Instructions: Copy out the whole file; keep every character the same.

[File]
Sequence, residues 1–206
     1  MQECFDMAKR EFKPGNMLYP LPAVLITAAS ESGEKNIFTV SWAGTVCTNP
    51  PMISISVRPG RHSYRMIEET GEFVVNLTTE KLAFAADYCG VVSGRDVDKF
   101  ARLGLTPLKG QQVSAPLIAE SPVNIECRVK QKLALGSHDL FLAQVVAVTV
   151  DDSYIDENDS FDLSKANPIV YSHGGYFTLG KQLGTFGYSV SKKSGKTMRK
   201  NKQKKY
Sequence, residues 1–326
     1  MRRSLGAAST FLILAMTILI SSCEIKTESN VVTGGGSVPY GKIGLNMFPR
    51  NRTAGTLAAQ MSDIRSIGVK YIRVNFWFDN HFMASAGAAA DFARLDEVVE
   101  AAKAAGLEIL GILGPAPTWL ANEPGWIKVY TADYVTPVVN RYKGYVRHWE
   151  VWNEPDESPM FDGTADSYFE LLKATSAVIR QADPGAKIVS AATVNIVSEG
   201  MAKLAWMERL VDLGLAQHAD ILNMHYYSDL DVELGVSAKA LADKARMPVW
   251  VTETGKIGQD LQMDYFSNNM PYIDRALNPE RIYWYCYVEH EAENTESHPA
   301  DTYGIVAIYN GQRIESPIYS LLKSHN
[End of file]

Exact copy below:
Sequence, residues 1–206
     1  MQECFDMAKR EFKPGNMLYP LPAVLITAAS ESGEKNIFTV SWAGTVCTNP
    51  PMISISVRPG RHSYRMIEET GEFVVNLTTE KLAFAADYCG VVSGRDVDKF
   101  ARLGLTPLKG QQVSAPLIAE SPVNIECRVK QKLALGSHDL FLAQVVAVTV
   151  DDSYIDENDS FDLSKANPIV YSHGGYFTLG KQLGTFGYSV SKKSGKTMRK
   201  NKQKKY
Sequence, residues 1–326
     1  MRRSLGAAST FLILAMTILI SSCEIKTESN VVTGGGSVPY GKIGLNMFPR
    51  NRTAGTLAAQ MSDIRSIGVK YIRVNFWFDN HFMASAGAAA DFARLDEVVE
   101  AAKAAGLEIL GILGPAPTWL ANEPGWIKVY TADYVTPVVN RYKGYVRHWE
   151  VWNEPDESPM FDGTADSYFE LLKATSAVIR QADPGAKIVS AATVNIVSEG
   201  MAKLAWMERL VDLGLAQHAD ILNMHYYSDL DVELGVSAKA LADKARMPVW
   251  VTETGKIGQD LQMDYFSNNM PYIDRALNPE RIYWYCYVEH EAENTESHPA
   301  DTYGIVAIYN GQRIESPIYS LLKSHN